DUBLIN (Reuters) - A golf course owned by U.S. President-elect Donald Trump has agreed to scale back a wall designed to protect its greens from coastal erosion after opposition from local residents, the local council said on Tuesday.
A plan submitted by Trump's company in May to build a 2.8 km (1.7 miles) armourstone wall up to 20 meters wide and 5 meters above the water line between the sea and the dunes sparked a campaign by environmental groups and locals to protect the beach.
In its place, the golf club management are now proposing two less visible barriers, of 650 metres and 250 metres in length, above the water line at either end of the beach, two people who attended a public consultation on Monday said.
A manager at Trump International Golf Links Doonbeg did not immediately respond to a request for comment.
"The original plan they had was just never going to pass. It was just astronomically huge and so over the top. That was never going to be a runner," Green Party member Fergal Smith said. "They are learning that it's actually more detailed than just needing a big wall."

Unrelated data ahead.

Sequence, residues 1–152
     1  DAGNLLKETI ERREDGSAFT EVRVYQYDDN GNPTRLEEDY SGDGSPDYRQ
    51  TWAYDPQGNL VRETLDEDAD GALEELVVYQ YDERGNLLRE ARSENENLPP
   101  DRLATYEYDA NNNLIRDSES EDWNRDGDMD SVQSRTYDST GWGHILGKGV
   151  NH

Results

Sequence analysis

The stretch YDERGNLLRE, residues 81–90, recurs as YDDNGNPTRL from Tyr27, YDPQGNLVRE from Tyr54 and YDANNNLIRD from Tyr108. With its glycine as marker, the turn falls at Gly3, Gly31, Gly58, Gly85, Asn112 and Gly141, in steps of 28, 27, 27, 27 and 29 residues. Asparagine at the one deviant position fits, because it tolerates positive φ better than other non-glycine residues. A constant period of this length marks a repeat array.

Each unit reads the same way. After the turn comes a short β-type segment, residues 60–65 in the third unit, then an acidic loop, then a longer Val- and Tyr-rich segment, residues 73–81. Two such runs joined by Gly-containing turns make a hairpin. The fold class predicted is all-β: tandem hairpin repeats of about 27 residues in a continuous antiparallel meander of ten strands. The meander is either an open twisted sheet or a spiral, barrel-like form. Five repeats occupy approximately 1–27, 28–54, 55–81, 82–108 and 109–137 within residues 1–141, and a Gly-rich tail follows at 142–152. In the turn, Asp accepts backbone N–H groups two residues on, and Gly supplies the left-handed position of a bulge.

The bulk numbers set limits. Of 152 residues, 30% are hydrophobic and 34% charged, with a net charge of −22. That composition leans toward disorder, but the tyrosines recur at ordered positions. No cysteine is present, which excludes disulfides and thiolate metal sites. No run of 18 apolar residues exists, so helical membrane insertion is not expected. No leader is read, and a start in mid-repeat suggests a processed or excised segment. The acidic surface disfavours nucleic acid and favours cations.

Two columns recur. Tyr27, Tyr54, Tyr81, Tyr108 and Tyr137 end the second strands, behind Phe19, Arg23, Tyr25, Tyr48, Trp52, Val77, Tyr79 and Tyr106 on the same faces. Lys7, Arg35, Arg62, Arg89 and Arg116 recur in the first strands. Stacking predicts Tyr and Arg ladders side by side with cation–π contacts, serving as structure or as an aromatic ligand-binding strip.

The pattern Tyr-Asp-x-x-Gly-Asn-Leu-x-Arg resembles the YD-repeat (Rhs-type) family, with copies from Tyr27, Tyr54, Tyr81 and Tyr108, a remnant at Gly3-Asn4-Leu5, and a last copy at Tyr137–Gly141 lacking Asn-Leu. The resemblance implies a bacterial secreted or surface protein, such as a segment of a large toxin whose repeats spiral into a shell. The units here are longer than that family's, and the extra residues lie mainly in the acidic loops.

Trump, whose campaign for the U.S. presidency was dominated by plans to build a wall to curb immigration from Mexico, has spent $330 million buying golf courses and land to develop since he began investing in the sport in 1997.
The environmental group Save The Waves collected 100,000 signatures opposed to the initial development plan.
That application was withdrawn on Monday, said a spokesman for Clare County Council, which received more than 100 objections to the plan.
The new plan provides for a less visible sheet metal piling and rock armour at two points above the high water mark, and for two golf holes to be relocated inland, said the Green Party's Smith, who attended the Monday meeting.
David Flynn, an engineer who works on behalf of the Irish Surfing Association and who also attended the meeting, said it would not be possible to assess the plan properly until a new planning application was made.
"A lot of people would still have concerns about the proposals. But it's certainly a step in the right direction," he said.
Editing by Hugh Lawson